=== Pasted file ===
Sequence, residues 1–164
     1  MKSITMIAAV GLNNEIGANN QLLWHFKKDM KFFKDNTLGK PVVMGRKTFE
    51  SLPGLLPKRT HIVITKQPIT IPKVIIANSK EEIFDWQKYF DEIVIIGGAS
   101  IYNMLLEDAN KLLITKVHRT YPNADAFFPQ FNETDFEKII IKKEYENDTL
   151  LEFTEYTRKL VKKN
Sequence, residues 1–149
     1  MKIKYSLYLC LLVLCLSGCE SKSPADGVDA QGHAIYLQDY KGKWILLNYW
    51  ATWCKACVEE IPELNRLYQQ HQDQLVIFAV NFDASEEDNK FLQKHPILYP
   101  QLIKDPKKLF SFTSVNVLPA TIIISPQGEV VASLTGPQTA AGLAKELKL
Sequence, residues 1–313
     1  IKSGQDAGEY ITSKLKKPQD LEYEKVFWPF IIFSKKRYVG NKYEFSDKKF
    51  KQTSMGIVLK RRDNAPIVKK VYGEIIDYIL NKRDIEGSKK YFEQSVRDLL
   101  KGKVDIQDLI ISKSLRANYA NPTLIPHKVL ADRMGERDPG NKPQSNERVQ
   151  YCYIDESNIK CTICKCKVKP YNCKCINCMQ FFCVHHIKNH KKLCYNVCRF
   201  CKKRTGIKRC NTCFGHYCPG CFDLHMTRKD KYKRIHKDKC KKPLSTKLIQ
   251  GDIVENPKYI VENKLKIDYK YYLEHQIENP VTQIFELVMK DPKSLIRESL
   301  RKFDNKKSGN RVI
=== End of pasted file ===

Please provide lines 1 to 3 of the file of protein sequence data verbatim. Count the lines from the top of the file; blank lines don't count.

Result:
Sequence, residues 1–164
     1  MKSITMIAAV GLNNEIGANN QLLWHFKKDM KFFKDNTLGK PVVMGRKTFE
    51  SLPGLLPKRT HIVITKQPIT IPKVIIANSK EEIFDWQKYF DEIVIIGGAS